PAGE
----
New Research: Facebook and Twitter Have Minimal Impact on a TV shows Live Audience - kcentv.com - KCEN HD - Waco, Temple, and Killeen

New Research: Facebook and Twitter Have Minimal Impact on a TV shows Live Audience

Posted:

This article was originally distributed via PRWeb. PRWeb, WorldNow and this Site make no warranties or representations in connection therewith.

SOURCE:

New study from Hub Entertainment Research shows that social media has less influence on show discovery than traditional TV advertising and even channel surfing.

Boston, MA (PRWEB) August 28, 2014

Much has been made of the potential influence of social mediaespecially Facebook and Twitteron TV show viewership and ratings. However, in spite of widespread use (and near ubiquity among 18-34 year olds), social media doesnt show up as a top driver of TV show discovery and engagement.

Some key findings from Figuring out Fans, a new study from Hub Entertainment Research on the role of social media when it comes to consumers TV decisions:

  •     Social media ranks far behind other sources when it comes to show discovery. Only 24% say that in the past 6 months, theyve discovered a show through something they saw on Facebook or Twittervs. 58% who found a new show through advertising, 41% via word of mouth, and 34% through old-fashioned channel surfing.
  •      Most say social media plays little or no role when it comes to finding new shows to watch. On a scale of 0-10, 62% give low ratings (0-5) to social medias role in discovery. And 27% ranked it at zero - saying it plays no role whatsoever.
  •      Facebook and Twitter are used much more often to listen than to advocate.    75% of Facebook users and 65% of Twitter users say they read much more often than post. In fact, 53% of Twitter users say theyve tweeted no more than once or twice during the ENTIRE TIME theyve had an account.
  •      Facebook and Twitter have a negligible impact on a shows overall linear audience. Among consumers who do NOT engage at all with Facebook or Twitter about their favorite show, 24% say they watch every episode of that show live. Those who do engage with their favorite shows through Facebook or Twitter are more likely to watch livebut there are so few of them that the impact on overall live viewing is negligible (just a 3-point bump, to 27%).
The research also uncovered key differences between Facebook and Twitter as tools for TV marketers:

  •     Facebook has far greater reach, both overall and as a tool to communicate about TV content. 76% of social media consumers use Facebook daily, and 39% have used Facebook in some way related to a favorite TV showcompared to just 47% and 17% for Twitter.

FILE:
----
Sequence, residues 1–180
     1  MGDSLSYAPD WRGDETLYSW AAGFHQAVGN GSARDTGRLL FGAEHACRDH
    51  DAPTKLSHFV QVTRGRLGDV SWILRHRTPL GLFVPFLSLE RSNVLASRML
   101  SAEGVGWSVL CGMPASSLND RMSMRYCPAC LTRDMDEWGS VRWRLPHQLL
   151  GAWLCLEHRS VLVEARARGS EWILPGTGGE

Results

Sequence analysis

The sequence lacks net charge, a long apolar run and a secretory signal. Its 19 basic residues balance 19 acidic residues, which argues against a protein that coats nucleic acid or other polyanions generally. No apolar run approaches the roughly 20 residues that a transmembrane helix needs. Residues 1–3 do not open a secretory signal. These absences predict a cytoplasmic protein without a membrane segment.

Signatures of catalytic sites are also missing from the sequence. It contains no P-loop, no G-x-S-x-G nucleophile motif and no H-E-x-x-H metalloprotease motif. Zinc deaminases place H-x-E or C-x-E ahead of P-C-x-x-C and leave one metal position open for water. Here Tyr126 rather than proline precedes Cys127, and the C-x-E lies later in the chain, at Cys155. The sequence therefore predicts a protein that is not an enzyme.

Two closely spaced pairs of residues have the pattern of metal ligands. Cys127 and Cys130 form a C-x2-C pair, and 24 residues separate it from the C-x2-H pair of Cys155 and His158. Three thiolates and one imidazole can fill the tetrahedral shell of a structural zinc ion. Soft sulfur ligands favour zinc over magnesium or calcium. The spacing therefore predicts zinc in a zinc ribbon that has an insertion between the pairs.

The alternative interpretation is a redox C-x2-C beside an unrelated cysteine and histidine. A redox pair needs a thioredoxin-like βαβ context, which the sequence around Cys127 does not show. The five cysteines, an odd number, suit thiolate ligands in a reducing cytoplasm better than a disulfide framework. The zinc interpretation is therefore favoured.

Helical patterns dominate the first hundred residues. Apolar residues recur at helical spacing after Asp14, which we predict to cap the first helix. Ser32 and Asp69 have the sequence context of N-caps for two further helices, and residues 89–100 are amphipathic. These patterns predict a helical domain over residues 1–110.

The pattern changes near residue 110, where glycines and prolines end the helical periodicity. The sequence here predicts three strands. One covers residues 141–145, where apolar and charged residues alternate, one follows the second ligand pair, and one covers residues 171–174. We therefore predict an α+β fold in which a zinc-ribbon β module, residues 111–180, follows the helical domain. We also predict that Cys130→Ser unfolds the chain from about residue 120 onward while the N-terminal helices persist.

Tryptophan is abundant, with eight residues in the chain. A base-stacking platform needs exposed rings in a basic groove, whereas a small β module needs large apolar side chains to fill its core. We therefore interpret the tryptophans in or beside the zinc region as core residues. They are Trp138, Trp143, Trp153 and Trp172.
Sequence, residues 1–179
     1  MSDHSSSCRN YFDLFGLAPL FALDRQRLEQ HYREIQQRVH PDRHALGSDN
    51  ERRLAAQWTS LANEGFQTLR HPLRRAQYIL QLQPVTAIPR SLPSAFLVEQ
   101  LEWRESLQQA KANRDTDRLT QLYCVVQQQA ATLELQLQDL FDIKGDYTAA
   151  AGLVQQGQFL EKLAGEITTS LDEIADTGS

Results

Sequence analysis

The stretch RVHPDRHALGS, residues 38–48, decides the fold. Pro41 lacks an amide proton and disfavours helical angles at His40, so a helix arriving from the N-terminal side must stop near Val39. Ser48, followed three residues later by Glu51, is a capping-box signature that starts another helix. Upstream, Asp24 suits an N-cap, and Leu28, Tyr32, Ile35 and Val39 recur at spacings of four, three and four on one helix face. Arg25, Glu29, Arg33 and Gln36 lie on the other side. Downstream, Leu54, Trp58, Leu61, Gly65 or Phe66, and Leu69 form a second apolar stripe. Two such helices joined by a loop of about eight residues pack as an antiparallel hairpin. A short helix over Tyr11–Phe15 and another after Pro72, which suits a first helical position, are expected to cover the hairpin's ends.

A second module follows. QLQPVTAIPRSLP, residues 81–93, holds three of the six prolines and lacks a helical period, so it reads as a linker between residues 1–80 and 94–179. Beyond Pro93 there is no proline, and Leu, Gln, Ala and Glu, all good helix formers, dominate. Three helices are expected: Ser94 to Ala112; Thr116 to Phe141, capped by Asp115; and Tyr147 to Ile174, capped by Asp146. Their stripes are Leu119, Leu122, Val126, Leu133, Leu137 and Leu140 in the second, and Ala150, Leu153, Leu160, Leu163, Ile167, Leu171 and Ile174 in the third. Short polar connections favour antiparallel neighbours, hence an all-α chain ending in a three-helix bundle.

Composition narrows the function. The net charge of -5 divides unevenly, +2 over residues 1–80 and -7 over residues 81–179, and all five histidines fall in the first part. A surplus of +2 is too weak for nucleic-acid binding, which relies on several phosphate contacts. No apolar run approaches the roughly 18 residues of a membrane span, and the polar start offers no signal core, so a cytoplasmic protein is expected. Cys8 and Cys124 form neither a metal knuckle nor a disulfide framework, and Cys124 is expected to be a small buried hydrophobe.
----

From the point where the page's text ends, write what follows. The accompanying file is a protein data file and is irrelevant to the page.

•     Twitter is more associated with show engagement. 67% who engage in Twitter activities related to a show say that activity makes them care more about the show. Only 58% say the same about TV-related activities on Facebook.

The good news regarding social media is that Facebook activity related to TV shows is fairly common, and that Twitter activity related to TV shows leads to greater engagement, said Peter Fondulas, Principal at Hub. But very few do either one, and even among those who do the increase in engagement is not dramatic. So the net impact on a shows live audience barely registers.

Social media represents a valuable tool when it comes to promoting TV contentbut its just that, one tool, added Hubs Jon Giegengack. Word of mouth has always been an effective way to promote TV shows, but social media doesnt appear to automatically amplify the advocacy of TV shows in particular. Most of the influence on which shows consumers choose appears to come from other sources.

The 2014 Figuring Out Fans study was conducted in July 2014 among 1331 TV consumers between 16 and 64, who have broadband and use social media at least once a month.

Excerpts from both Whats TV Worth studies, along with information on how to subscribe to Hubs syndicated research, are available from Hubs website, http://www.hubresearchllc.com.

For the original version on PRWeb visit: http://www.prweb.com/releases/2014/08/prweb12122860.htm

Information contained on this page is provided by an independent third-party content provider. WorldNow and this Station make no warranties or representations in connection therewith. If you have any questions or comments about this page please contact pressreleases@worldnow.com.

Powered by WorldNow
All content © Copyright 2000 - 2014 WorldNow and KCEN. All Rights Reserved. Users of this site agree to the Terms of Service, Privacy Notice/Your California Privacy Rights, and Ad Choices.